Week 8 // My Slow Flowers Birthday Bouquet
March 1st, 2015
Welcome to Week 8 of the Slow Flowers Challenge!
Yesterday was my birthday and I spent a few quiet hours playing around with these elements from my garden, observing and clipping; processing and arranging — all in a favorite vintage McCoy vase.
What a lovely way to celebrate a personal new year. I apologize to friends and family members who were calling and texting. I really tried to unplug and contemplate the many gifts in my life.
This design incorporates green, white and yellow ingredients. The long-lasting pussy willow branches were “leftovers” from more than a week ago. I had purchased them from the Seattle Wholesale Growers Market in anticipation of a demonstration at the Northwest Flower & Garden Show. Of course, I planned for more than I could use, so today was the ideal opportunity to pair the pussy willow with cuttings from my own garden.
The white vase offsets the fresh green tips of the spurge.
Many people worry about using this perennial as a cut flower – Euphorbia characiasis, after all, a relative of poinsettia, exuding milky white sap when snipped. See the info box for tips on caring for your spurge/euphorbia cuttings.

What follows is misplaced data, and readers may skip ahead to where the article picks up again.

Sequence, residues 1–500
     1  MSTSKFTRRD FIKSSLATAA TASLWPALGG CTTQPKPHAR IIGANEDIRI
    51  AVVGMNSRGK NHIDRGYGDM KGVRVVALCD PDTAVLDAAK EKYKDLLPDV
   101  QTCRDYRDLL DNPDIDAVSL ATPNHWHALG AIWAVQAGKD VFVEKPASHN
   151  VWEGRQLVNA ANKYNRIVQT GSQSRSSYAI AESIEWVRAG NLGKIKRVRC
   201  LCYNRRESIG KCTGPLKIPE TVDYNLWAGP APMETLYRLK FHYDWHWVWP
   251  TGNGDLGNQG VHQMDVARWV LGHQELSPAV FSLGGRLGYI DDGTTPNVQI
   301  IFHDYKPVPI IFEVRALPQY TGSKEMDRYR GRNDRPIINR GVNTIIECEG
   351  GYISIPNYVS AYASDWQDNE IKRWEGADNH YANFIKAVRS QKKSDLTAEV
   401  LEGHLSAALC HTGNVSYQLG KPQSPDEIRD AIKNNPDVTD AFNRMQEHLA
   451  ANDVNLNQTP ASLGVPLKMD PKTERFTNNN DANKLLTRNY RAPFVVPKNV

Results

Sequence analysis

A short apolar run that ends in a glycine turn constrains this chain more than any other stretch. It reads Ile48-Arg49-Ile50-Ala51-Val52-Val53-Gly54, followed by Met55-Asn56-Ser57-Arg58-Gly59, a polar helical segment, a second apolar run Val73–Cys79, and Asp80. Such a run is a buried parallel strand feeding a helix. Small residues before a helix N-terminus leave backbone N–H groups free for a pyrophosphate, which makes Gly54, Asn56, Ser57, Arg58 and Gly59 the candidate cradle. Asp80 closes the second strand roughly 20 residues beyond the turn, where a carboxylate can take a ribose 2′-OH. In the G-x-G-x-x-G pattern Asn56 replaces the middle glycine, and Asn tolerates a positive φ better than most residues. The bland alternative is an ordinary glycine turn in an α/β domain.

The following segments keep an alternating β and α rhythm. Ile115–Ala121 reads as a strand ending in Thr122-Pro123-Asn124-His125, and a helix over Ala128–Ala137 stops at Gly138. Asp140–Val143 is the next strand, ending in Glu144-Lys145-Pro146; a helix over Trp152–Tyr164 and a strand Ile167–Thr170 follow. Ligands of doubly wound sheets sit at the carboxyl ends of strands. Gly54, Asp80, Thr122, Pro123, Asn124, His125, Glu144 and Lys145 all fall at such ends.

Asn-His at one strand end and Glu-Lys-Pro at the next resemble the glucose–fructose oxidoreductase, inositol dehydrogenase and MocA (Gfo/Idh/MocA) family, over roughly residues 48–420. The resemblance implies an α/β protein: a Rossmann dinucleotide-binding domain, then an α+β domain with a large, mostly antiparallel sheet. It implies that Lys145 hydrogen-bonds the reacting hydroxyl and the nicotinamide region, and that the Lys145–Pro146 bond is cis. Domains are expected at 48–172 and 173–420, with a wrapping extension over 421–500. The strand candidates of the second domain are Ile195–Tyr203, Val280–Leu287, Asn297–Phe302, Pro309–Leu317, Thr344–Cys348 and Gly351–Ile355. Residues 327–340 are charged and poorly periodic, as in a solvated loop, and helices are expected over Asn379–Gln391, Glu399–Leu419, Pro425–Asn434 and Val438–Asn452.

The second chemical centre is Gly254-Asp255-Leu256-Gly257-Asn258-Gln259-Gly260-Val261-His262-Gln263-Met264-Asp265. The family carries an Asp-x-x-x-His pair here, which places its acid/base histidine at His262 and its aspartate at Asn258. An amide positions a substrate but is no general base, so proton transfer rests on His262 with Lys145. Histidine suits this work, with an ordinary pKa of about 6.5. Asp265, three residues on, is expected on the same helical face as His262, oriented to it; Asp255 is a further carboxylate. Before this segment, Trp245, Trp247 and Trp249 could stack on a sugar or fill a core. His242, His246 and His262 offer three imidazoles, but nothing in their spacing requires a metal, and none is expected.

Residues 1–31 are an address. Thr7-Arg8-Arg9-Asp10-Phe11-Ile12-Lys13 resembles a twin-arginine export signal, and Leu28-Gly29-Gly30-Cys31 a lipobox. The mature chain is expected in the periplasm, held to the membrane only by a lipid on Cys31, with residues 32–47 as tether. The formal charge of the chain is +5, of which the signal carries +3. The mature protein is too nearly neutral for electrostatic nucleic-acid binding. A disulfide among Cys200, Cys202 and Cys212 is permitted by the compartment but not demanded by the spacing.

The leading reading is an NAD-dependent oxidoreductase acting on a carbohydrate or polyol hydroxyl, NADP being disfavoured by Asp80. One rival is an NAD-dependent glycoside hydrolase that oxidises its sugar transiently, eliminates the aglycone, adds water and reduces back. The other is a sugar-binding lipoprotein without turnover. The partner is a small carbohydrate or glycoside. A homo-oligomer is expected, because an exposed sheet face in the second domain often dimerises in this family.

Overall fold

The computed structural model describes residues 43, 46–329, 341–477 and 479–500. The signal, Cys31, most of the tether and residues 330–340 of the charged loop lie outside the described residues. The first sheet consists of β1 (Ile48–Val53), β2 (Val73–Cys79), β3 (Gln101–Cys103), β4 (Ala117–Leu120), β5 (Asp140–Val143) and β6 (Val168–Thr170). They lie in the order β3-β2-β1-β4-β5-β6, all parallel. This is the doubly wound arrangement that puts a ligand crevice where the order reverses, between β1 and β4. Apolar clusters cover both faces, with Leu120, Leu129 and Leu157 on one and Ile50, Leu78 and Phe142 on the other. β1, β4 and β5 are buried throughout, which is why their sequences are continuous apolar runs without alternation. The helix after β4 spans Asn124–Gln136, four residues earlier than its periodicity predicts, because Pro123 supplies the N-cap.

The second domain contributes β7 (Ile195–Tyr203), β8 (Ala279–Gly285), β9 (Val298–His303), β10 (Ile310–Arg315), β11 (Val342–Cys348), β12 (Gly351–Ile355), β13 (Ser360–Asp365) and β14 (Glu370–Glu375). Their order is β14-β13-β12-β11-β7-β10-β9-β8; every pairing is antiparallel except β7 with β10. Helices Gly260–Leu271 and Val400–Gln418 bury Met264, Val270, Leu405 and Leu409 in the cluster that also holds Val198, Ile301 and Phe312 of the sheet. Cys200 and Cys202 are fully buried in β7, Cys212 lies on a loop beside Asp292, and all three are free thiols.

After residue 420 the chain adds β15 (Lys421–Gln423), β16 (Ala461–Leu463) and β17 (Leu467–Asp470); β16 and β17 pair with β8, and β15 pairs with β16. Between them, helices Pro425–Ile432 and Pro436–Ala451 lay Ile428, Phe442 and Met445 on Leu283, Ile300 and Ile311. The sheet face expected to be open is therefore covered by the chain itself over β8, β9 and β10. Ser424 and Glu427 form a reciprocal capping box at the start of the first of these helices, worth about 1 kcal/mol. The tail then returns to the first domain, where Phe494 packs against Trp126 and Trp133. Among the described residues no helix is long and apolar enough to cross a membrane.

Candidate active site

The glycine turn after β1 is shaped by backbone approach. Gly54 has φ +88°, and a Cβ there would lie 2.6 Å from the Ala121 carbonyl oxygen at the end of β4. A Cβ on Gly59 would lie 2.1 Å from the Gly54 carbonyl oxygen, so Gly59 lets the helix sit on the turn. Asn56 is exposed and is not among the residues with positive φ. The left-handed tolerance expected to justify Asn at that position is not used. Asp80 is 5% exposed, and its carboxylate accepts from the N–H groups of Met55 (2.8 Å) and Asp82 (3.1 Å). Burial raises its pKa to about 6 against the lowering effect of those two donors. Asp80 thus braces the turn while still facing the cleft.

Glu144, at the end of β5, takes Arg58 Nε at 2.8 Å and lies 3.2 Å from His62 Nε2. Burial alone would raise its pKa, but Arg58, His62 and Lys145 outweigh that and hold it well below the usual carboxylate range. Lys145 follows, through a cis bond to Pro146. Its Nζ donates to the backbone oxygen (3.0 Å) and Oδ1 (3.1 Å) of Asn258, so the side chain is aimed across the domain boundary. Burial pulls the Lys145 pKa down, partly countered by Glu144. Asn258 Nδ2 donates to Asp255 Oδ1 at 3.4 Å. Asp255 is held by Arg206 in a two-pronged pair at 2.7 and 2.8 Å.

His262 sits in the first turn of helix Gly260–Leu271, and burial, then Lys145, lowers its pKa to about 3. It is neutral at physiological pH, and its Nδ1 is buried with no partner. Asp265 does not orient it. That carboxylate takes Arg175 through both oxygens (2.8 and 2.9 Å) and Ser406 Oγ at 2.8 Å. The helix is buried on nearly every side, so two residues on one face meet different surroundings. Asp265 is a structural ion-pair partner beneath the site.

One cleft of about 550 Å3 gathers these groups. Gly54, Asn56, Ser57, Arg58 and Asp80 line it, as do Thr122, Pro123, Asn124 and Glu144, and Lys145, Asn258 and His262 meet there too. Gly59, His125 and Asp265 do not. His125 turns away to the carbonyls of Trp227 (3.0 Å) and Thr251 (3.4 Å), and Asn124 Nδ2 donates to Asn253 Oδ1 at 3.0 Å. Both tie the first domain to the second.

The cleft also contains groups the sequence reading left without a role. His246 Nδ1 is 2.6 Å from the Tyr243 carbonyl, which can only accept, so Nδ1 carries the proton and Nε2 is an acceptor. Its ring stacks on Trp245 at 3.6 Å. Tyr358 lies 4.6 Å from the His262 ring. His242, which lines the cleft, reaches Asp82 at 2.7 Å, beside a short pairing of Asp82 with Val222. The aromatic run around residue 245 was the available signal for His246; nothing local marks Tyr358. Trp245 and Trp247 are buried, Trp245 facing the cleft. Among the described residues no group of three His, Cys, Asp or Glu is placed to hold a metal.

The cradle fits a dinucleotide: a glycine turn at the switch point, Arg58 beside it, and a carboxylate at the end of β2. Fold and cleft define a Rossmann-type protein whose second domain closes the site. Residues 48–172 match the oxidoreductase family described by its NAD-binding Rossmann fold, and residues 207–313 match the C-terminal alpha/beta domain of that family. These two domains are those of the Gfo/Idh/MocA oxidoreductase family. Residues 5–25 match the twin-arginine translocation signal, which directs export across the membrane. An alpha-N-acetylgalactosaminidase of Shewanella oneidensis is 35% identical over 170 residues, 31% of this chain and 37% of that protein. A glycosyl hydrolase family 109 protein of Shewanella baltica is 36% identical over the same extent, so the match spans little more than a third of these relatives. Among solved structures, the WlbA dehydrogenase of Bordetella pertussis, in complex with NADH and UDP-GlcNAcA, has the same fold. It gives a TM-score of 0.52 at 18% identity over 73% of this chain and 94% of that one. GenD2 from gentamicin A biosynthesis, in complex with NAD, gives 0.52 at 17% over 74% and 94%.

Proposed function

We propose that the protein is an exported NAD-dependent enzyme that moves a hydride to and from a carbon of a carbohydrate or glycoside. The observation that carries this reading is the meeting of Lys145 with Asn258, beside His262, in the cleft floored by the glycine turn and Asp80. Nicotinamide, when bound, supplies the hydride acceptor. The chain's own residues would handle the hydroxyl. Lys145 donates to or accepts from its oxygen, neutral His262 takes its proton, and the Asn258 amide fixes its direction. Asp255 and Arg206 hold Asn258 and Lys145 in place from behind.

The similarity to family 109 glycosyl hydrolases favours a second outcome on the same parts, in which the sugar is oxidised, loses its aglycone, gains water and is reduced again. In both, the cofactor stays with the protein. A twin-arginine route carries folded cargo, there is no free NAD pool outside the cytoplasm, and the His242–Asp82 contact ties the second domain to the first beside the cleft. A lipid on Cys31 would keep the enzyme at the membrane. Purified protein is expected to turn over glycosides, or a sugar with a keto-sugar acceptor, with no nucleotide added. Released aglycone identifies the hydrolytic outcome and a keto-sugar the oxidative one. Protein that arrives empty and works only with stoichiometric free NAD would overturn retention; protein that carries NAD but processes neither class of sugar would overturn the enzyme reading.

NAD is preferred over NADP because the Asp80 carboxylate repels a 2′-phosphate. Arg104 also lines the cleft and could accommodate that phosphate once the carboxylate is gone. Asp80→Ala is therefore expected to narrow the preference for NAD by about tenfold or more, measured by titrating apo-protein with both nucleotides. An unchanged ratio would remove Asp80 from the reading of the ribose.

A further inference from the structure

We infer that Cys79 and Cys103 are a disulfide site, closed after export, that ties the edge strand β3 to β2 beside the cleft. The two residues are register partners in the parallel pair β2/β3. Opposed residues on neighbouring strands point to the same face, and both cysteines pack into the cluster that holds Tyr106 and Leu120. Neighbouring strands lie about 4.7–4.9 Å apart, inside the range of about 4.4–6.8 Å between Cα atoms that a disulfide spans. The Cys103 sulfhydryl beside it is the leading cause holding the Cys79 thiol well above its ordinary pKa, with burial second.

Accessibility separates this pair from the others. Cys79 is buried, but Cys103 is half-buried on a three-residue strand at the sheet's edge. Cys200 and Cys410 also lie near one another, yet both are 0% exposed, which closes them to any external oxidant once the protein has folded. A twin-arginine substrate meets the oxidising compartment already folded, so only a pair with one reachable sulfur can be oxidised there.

It’s not a super long-lasting cut, but anyone who has this plant in their garden probably has more than necessary.
I could easily replace any wilted stems with an abundant supply of more spurge.
The white blooms of Pieris japonica add texture and contrast, echoing the pussy willow “tails.”
I didn’t have many flowers on hand, but this mix of specialty daffodils caught my eye.
Plucked from the parking strip in front of our home, they were originally planted by a benevolent prior owner.
I looked around for something to “trail” over the rim of my vase and found some sweet pea tendrils, volunteers from a prior year’s sowing. They add just the right playfulness and carefree spirit to the arrangement.
More from Slow Flowers
From the Farmer: Working with Euphorbia
Most plants in the spurge family produce a milky-white substance when cut. It can be irritating to the skin, so be sure to wear gloves when handling the plant.